Sounds like you listened to Beck today too :shifty:

It's the ol' bait and switch. They are basically trying to distract the American people with health care... I'm on to their game tho. It's like a magician, watch the hand they aren't using to see what they really are doing.

Card check will cut the other leg off the auto industry basically and investors will flee... thats a no brainer.

Cap and trade will regulate everything in your life down to your BBQ grill which emits CO2 all based on a hoax to soak the taxpayers in this country to pay for an already mismanaged government... too bad people won't see its effects until after it's passed. The days of performance cars, BBQ's, lighting your chimney on a cold winter night, and running your lawnmower without paying a tax are over. R.I.P. personal liberty if god forbid this gets passed.

America + cap in trade + card check =:suicide:
 
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ExpectantlyIronic

e̳̳̺͕ͬ̓̑̂ͮͦͣ͒͒h̙ͦ̔͂?̅̂ ̾͗̑
#5
MenInTights said:
Really, the opposition to cap and trade has been fairly severe for the last several years.
And to back up the suggestion that folks oppose cap and trade, you demonstrate that how folks respond to a poll depends upon how the poll is phrased? The question in that poll you posted is just ridiculously leading. It's not so much a question as a pitch followed by a question. If the only way you can get poll results showing that people oppose cap and trade is to do that, then I'm going to have to go out on a limb and say there isn't massive opposition at all.
 

MenInTights

not a plastic bag
#6
And to back up the suggestion that folks oppose cap and trade, you demonstrate that how folks respond to a poll depends upon how the poll is phrased? The question in that poll you posted is just ridiculously leading. It's not so much a question as a pitch followed by a question. If the only way you can get poll results showing that people oppose cap and trade is to do that, then I'm going to have to go out on a limb and say there isn't massive opposition at all.
I see nothing wrong with the phrasing. The question has to be specific because a lot of people do not know what cap-and-trade is. Which is another reason it would be nice to debate the issue instead of push it through.

Here's another one from zogby that has similar results:
Obama Administration Gets Negative Marks in First 100 Days

Q. President Obama wants to impose cap-and-trade laws that would limit the total carbon dioxide emissions allowed to be released into the environment. These laws would turn carbon dioxide into a commodity allowing those that pollute less to sell credits to those that pollute more. These credits would be traded on commodities markets. According to congressional testimony given by the Director of the nonpartisan Congressional Budget Office, "decreasing emissions would also impose costs on the economy - much of those costs will be passed along to consumers in the form of higher prices for energy and energy intensive goods." Some have estimated these costs to be $800 to $1300 more per household by 2015. Knowing this, do you support or oppose cap-and-trade laws?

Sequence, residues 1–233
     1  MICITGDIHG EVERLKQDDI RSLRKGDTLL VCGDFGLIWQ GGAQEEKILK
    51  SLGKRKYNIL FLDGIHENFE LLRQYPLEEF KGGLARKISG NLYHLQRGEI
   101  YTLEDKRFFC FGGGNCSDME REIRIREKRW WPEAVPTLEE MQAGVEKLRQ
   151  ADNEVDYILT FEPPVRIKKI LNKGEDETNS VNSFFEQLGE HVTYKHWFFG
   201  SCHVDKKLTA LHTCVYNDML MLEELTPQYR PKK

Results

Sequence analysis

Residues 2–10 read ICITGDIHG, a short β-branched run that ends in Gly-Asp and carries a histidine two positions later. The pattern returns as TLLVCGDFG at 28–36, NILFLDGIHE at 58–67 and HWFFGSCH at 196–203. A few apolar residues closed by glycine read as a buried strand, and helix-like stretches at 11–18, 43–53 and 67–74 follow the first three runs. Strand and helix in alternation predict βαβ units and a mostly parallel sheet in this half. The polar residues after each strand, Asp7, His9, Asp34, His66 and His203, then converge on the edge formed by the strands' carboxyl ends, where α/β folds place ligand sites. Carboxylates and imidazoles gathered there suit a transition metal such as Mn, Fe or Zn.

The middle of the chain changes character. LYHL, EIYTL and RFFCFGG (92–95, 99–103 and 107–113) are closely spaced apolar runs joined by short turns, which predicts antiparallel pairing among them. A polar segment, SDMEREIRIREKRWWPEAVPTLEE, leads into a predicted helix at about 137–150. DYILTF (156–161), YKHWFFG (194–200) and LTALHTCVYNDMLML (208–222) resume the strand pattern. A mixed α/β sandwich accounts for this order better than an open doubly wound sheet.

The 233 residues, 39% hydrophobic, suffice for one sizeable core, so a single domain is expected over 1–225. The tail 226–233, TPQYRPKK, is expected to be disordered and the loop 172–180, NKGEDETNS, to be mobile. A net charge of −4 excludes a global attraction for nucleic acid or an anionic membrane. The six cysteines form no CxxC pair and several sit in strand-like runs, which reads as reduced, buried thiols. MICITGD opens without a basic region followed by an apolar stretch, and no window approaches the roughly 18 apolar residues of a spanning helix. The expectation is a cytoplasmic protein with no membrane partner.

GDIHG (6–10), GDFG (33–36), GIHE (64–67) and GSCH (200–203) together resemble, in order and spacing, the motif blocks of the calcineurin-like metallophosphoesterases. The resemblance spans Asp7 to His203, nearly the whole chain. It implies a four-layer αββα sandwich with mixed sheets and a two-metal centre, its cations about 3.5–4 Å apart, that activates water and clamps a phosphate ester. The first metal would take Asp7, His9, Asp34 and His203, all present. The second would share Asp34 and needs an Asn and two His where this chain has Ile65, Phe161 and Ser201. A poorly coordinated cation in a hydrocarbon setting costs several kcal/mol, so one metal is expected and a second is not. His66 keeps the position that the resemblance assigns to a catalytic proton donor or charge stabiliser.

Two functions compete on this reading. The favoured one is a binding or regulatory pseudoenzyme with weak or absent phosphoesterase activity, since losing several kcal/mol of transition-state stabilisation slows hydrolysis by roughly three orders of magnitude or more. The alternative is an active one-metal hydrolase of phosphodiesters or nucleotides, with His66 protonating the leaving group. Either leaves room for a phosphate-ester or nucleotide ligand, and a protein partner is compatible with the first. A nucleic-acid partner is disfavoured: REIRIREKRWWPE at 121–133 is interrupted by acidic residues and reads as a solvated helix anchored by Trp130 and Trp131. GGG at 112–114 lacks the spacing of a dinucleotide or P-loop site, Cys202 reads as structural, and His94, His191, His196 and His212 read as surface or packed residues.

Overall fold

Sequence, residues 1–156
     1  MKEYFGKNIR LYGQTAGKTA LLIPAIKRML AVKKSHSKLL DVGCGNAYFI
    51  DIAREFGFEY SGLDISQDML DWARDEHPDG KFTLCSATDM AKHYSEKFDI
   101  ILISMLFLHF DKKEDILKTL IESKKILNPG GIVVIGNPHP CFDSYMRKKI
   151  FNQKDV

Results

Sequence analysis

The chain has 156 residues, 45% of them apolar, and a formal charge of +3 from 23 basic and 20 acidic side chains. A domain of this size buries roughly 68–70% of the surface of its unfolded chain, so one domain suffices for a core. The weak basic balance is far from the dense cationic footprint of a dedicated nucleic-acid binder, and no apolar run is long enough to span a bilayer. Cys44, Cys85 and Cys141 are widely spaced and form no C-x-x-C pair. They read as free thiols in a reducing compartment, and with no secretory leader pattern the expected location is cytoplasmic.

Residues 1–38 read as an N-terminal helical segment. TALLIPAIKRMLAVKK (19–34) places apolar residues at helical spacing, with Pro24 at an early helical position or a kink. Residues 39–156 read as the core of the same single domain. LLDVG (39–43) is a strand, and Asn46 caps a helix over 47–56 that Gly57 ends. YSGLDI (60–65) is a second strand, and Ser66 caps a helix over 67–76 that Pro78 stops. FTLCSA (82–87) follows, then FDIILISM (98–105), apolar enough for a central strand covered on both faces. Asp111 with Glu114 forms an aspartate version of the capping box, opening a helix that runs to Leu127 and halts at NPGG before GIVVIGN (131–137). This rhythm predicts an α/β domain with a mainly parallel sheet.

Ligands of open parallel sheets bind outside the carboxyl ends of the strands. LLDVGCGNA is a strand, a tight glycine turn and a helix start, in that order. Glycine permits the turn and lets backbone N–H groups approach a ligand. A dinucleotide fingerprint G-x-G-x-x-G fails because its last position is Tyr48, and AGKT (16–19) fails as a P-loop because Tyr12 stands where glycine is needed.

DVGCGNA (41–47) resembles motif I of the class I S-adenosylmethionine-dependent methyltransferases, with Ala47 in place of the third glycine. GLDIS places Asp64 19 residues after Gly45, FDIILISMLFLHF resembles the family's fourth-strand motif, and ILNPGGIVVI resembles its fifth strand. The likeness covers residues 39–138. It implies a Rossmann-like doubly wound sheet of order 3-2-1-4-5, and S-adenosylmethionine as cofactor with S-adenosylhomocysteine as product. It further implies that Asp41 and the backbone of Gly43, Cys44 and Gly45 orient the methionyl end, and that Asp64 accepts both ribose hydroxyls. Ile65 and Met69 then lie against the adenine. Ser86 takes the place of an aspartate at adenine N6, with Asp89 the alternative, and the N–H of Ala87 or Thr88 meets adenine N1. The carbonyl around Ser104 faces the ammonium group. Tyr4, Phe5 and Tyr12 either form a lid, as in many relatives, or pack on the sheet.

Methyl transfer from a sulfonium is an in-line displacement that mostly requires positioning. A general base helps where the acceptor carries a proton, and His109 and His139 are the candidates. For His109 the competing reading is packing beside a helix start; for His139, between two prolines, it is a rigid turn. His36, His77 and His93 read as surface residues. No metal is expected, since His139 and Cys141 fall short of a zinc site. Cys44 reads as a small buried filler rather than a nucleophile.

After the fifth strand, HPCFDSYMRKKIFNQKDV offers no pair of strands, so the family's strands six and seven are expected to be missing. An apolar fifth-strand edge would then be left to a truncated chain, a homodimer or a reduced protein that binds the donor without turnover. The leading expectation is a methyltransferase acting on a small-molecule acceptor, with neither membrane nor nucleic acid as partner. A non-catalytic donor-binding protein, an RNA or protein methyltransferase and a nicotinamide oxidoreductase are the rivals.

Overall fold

Support 30%

Oppose 57%

Not sure 13%
pro2a said:
Sounds like you listened to Beck today too

It's the ol' bait and switch. They are basically trying to distract the American people with health care... I'm on to their game tho. It's like a magician, watch the hand they aren't using to see what they really are doing.

Card check will cut the other leg off the auto industry basically and investors will flee... thats a no brain
yeah, I was floored. I haven't really kept up with things, but today was the first time I'd heard that cap-and-trade was getting voted on. I can't believe this huge tax is getting put through and there's no opposition or debate. On freak'n global warming none the less?!? What gets me is its becoming more apparent that NOBODY in Washington really cares at all about saving/creating jobs. Shutting down GM dealers, taxing energy companies, restricting oil development...
 

ExpectantlyIronic

e̳̳̺͕ͬ̓̑̂ͮͦͣ͒͒h̙ͦ̔͂?̅̂ ̾͗̑
#7
MenInTights said:
I see nothing wrong with the phrasing. The question has to be specific because a lot of people do not know what cap-and-trade is. Which is another reason it would be nice to debate the issue instead of push it through.